In his Facebook post, Chan called his years as a journalist at the now-shuttered Stand News, and his time as chairman, "the highest honor of my life," but cited repeated attacks on him from government and pro-Beijing sources as the reason for his decision. 

He told RFA Cantonese in a recent interview: "This was a very difficult decision, but if I had stayed in post, it would have negatively affected the Hong Kong Journalists' Association."

"I had no choice but to get off the ship," said Chan, adding that he had received messages from pro-government sources warning him that the attacks on him and on the Association would continue if he remained chairman.

"What I was told was, if you stay on, then the attacks and criticism will continue," he said. "There was even an article about me in a pro-government media outlet in the past couple of days that asked the question 'Can Ronson Chan remain in place as chairman? Should he?'."

"When I heard these things, I thought it would be pretty difficult if I were to stay in the job," he said.

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Stand News chief editor Patrick Lam is brought to the news outlet's office building in handcuffs after police were deployed to search the premises in Hong Kong's Kwun Tong district on December 29, 2021. (Daniel Suen/AFP)

The Hong Kong Journalists' Association has been singled out on a number of occasions for criticism by officials and in pro-China media, which claimed he recruited a 13-year-old to join the organization and that he protects "disruptive elements" in the city.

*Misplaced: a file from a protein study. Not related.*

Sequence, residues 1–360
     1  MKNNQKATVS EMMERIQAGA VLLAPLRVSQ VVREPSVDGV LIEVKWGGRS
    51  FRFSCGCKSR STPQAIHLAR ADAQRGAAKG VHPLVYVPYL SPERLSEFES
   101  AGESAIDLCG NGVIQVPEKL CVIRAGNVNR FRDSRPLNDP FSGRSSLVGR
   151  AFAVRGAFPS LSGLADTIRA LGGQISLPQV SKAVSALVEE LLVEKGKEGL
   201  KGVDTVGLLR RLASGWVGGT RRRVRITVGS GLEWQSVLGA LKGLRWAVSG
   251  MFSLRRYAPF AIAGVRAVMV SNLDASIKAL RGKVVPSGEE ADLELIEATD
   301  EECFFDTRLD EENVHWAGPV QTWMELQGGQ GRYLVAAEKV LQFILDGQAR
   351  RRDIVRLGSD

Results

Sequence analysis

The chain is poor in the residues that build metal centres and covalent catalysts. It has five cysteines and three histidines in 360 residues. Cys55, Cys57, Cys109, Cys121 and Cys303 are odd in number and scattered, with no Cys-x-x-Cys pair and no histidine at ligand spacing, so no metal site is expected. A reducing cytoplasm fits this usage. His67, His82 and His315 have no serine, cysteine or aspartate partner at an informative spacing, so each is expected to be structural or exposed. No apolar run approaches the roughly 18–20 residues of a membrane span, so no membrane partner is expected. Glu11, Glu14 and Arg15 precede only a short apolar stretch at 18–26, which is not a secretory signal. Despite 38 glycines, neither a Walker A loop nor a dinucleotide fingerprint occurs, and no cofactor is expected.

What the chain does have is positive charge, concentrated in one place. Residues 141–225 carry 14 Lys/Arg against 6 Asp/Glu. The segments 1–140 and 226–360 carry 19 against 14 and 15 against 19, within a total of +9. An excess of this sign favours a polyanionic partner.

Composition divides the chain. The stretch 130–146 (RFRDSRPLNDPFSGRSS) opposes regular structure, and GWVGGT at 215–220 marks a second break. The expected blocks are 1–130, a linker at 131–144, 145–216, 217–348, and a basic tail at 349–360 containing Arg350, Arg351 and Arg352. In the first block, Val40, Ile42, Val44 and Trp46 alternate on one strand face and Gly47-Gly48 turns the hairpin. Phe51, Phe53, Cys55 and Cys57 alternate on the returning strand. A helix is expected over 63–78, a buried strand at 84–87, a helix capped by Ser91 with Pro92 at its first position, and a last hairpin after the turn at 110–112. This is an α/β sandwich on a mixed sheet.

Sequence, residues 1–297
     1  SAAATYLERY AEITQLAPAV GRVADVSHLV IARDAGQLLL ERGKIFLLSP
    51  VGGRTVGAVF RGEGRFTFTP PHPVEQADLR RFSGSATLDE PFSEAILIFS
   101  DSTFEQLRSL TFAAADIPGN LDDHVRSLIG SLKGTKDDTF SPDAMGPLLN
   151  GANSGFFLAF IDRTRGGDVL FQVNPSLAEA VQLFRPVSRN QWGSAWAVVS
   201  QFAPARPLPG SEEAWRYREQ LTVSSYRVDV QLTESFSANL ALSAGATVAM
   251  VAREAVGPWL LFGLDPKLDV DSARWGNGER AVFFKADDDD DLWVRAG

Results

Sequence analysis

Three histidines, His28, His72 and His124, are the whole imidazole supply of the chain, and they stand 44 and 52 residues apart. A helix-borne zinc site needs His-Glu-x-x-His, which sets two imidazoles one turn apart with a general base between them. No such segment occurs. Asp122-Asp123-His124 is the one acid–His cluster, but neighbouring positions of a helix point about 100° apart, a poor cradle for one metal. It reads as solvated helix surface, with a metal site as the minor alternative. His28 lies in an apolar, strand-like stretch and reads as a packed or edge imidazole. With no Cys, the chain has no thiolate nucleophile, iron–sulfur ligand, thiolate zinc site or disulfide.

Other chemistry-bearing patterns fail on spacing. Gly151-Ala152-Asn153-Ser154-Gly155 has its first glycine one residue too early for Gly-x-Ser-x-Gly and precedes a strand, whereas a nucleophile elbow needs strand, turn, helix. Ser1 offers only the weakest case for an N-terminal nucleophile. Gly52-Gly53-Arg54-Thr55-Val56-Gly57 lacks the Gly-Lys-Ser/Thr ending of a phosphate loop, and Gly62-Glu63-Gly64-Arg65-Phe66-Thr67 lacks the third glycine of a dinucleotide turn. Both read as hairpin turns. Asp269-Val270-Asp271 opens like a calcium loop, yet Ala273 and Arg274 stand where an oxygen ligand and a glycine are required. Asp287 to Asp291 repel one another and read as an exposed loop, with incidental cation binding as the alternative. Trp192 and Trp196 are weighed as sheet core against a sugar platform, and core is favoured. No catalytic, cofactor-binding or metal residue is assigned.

Hong Kong Secretary for Security Chris Tang has claimed that the HKJA doesn’t represent journalists in the city, while the tax authorities recently presented the union with a HK$400,000 tax bill following a "review" of its tax affairs.

Chan told RFA that he hadn't expected how comprehensively the Hong Kong media would be put under pressure in the wake of the 2020 national security legislation.

"We had one executive member who resigned," he said. "He had been working in news, but when Radio Television Hong Kong found out that he was an executive member of the Association, they transferred him to subtitles."

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Workers carry a box of evidence from the offices of Stand News in Hong Kong on December 29, 2021, after police raided the office of the local media outlet and arrested six current and former staff. (Daniel Suen/AFP)

He said the number of people entering the once-thriving media industry is now very small, and very few are now willing to risk serving on the Association's executive committee.

The Association, one of the few civil society groups still standing in the wake of the post-2019 crackdown, is now painfully exposed, Chan said.

"Now that so many civil society groups, opposition political parties and groups have been wiped out, we now find ourselves on the front line, standing alone," he said. "The exposure feels cold and painful, but I'll bear it for now."

Translated by Luisetta Mudie.